Pediatric cancer treatment is a major testament to what can be achieved through modern medicine. The diagnosis of pediatric cancer has gone from what was commonly considered a death sentence to the current time when almost every childhood cancer is considered curable. And all of this was achieved in barely more than a generation. The number of children cured of their cancer continues to grow every day. Most childhood cancer survivors in the United States live healthy, productive lives, but some may experience late effects or problems related to cancer or its treatment. The mission of the Pediatric Cancer Survivorship Clinic is to improve the health and well being of pediatric cancer survivors and their families through identification and follow up of medical and psychosocial problems that emerge once treatment has been completed.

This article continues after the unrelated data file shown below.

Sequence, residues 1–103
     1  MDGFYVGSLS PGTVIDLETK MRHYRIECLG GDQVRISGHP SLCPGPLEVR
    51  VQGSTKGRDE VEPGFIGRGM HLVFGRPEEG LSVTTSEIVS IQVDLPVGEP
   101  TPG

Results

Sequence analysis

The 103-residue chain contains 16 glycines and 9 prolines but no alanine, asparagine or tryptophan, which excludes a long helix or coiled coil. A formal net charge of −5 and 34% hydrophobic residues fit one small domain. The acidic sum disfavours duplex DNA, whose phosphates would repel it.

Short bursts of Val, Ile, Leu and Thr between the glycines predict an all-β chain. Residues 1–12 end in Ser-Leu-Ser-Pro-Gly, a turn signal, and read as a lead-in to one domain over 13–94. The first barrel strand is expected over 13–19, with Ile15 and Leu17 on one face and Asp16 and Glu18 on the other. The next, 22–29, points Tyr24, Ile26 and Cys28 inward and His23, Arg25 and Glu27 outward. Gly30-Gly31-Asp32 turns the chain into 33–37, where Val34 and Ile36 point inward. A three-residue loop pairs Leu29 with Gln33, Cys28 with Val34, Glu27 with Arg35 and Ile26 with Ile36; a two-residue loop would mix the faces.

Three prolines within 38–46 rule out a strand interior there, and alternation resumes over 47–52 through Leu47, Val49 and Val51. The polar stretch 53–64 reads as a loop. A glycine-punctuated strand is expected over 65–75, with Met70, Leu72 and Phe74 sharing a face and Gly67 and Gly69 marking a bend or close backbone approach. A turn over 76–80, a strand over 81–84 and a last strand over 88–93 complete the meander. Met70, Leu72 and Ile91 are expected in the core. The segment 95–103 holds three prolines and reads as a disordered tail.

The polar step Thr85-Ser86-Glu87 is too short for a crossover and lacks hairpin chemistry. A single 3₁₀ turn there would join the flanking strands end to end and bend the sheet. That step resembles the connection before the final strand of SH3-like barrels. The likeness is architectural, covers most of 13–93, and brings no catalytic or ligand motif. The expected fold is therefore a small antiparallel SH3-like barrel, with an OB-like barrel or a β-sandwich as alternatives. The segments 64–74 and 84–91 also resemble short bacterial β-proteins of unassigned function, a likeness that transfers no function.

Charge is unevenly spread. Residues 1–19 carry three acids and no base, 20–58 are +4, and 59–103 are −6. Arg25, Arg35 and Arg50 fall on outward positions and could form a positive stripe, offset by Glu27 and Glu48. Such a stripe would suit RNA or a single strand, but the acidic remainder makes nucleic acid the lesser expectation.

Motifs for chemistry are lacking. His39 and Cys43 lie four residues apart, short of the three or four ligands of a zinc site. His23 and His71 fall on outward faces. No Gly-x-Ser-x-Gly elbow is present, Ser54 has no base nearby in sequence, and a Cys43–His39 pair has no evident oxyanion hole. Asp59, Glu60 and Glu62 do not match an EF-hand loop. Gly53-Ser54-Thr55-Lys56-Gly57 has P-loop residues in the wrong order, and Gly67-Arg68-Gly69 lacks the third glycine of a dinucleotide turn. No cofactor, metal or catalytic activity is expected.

Late Effects of Pediatric Cancer Treatments
The treatments available for pediatric cancers include surgery, radiation therapy, and chemotherapeutic medications. The coordinated use of all of these methods of treatment has resulted in an astounding improvement in the survival rates of patients diagnosed with pediatric cancers in the last few decades. As effective as these treatments have been for the cure of pediatric cancers, there are also late effects that may be associated with them. As more and more patients continue to survive beyond their diagnosis, we have improved our understanding of what the risks are for these late effects including what these late effects are, what are the treatments were that may cause them, and who is most at risk for them. Some of the more common late effects might include:
- Multidisciplinary Clinic
- Transitioning into Adulthood